Sentinelese language

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Native to India
Region North Sentinel Island
Ethnicity Sentinelese people
Native speakers
perhaps 100–250 
unknown, possibly Ongan
Language codes
ISO 639-3 std
Glottolog sent1241[1]

Sentinelese is the presumed language of the Sentinelese people of North Sentinel Island in the Andaman Islands, India. Due to the lack of contact between the Sentinelese people and the rest of the world for the past three centuries, nothing is known of their language.[2]


It is presumed that the islanders speak a single language, and that it is a member of one of the Andamanese language families.[2] Based on what little is known about similarities in culture and technology and their geographical proximity, it is supposed that their language is related to the Ongan languages rather than to Great Andamanese.[3] On the two documented occasions when Onge individuals were taken to North Sentinel Island in order to attempt communication, they were unable to recognise any of the language spoken by the inhabitants in the brief and hostile exchanges that resulted.[4][5]

Sentinelese is classified as endangered due to the small number of speakers, which is unknown but has been estimated at anywhere from 100 to 250.[6][7]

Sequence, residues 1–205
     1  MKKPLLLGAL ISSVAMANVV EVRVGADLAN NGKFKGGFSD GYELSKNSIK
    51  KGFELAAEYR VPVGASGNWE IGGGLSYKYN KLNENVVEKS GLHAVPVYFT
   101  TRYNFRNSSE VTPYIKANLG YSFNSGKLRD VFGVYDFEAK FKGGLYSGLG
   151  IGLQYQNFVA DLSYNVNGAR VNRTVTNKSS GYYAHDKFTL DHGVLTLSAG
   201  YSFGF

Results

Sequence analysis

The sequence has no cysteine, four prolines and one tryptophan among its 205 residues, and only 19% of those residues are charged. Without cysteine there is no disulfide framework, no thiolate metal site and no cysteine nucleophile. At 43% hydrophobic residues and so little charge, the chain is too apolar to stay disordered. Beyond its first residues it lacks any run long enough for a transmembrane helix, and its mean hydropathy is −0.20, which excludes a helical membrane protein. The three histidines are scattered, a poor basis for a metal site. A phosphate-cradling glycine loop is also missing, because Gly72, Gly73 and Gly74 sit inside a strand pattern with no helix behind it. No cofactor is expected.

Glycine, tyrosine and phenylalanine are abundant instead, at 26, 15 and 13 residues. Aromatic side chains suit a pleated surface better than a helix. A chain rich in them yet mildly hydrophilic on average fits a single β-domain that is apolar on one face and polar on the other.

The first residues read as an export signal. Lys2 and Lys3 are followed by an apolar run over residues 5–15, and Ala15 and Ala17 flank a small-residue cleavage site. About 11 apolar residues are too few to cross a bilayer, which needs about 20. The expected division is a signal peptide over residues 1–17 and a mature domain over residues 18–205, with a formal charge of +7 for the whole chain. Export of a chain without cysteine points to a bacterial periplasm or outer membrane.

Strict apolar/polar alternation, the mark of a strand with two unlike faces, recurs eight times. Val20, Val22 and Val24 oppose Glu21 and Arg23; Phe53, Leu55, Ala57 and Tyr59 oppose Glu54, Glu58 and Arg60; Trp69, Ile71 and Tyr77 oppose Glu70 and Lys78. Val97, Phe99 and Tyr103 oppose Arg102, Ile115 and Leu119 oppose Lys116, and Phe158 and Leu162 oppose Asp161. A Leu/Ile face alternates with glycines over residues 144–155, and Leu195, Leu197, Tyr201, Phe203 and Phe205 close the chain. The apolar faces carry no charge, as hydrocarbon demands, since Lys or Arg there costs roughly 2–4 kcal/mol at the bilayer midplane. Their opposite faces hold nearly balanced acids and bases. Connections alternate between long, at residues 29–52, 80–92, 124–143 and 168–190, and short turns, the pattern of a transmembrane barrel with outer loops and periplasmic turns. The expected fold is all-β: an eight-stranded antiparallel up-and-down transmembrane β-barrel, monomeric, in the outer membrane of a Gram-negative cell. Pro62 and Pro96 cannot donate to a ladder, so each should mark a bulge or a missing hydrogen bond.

1. ^ Nordhoff, Sebastian; Hammarström, Harald; Forkel, Robert; Haspelmath, Martin, eds. (2013). "Sentinelese". Glottolog 2.2. Leipzig: Max Planck Institute for Evolutionary Anthropology. 
  2. ^ a b "The most isolated tribe in the world?" found at Survival International website. Accessed 2009-10-07.
  3. ^ Ethnologue report for Sentinel. Accessed 2009-10-07.
  4. ^ Vishvajit Pandya, "In the Forest: Visual and Material Worlds of Andamanese History (1858-2006)," p. 361, (University Press of America, 2008) ISBN 0-7618-4153-9, ISBN 978-0-7618-4153-1, found at Google Books. Accessed 2009-10-07.
  5. ^ Dan McDougall, "Survival comes first for the last Stone Age tribe world: Two poachers lie in shallow graves beside the Indian Ocean after they trespassed on an endangered tribe's island. Now even relatives of the victims' want the killers left alone." The Observer, 12 February 2006. Found at Article from The Guardian. Accessed 2009-10-07.
  6. ^ Matthias Brenzinger, "Language diversity endangered," p. 40, (Walter de Gruyter, 2007) ISBN 3-11-017049-3, ISBN 978-3-11-017049-8, found at Google Books. Accessed 2009-10-07.
  7. ^ Christopher Moseley, "Encyclopedia of the world's endangered languages," p. 289, 342 (Routledge, 2007) ISBN 978-0-7007-1197-0, found at [1]. Accessed 2009-10-07.